On 11 May, the same Wellington found Z7610 and T2252 parked nose-to-nose at either 24°51′00″N 24°25′00″E / 24.85000°N 24.41667°E / 24.85000; 24.41667 or 24°49′00″N 24°10′00″E / 24.81667°N 24.16667°E / 24.81667; 24.16667.[2] As the Wellington approached, a survivor, Air Mechanic N St M Juul, stumbled out of the shade of a wing and started to put out some ground strips to attract attention. He was too feeble to pull the trigger of a Verey pistol. The Wellington landed alongside Blenheims Z7610 and T2252 and Juul took a few shaky steps towards his rescuers but collapsed in the hot sand. The bodies of Major de Wet and seven of his men were found around the aircraft, some with gunshot wounds. Though terribly weak, Air Mechanic Juul, the lone survivor from the flight's 12 crew, was recovered and flown to Kufra for medical attention[1] and later testified at the S.A.A.F/R.A.F. Court of Enquiry.[3]

Aftermath[edit]

Inquiry[edit]

An inquiry into the incident took place at Kufra from 1 to 4 June 1942. The board of inquiry attributed the incident to the crews' lack of experience in desert flying; their failure to keep accurate navigator's logs; and the failure of wireless operators to perform their duties during the flight. The board placed the responsibility for the forced landing on the crew of the leading aircraft, Z7513 flown by Major de Wet.[1]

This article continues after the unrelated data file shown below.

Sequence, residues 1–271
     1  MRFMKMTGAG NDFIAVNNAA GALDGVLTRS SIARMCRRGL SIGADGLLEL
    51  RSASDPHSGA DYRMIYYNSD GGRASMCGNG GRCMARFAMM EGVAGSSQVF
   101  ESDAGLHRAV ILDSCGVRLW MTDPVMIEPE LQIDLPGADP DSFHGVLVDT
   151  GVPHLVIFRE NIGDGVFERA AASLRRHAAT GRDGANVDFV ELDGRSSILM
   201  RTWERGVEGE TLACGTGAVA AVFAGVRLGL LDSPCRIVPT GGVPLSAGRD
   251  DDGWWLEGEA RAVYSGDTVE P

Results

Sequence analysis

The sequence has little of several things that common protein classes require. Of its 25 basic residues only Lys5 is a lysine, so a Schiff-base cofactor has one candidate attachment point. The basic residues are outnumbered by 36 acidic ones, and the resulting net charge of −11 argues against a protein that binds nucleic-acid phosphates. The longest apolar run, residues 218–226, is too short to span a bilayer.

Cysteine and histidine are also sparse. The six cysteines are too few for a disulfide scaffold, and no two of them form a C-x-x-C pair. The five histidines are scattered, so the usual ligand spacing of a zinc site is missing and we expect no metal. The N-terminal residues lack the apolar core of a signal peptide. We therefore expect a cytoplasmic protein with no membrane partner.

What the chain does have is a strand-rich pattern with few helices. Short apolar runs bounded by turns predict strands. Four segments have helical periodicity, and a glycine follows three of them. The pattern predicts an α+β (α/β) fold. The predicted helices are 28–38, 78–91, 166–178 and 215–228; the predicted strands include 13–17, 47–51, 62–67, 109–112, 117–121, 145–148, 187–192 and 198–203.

The board attributed the failure of the ground and air searches to a lack of accurate information regarding the possible position of the aircraft; the difficult terrain; the sandstorm; problems with unserviceable aircraft that could not carry out search functions assigned to them; and poor signal organisation. It also found that the downed Blenheim crews did little to assist the searchers in finding them because the crews engaged in bad direction-finding procedures even after landing and failed to employ visual signals and smudge fires.[1]

The inquiry also identified reasons for the early death of the stranded aviators, finding that they failed to appreciate their plight or to ration water immediately and that they made unintelligent use of compass alcohol, having drunk it despite its poisonous qualities, and fire extinguishers, which they had sprayed on themselves for temporary relief from the heat resulting in the infliction of painful skin injuries.[1]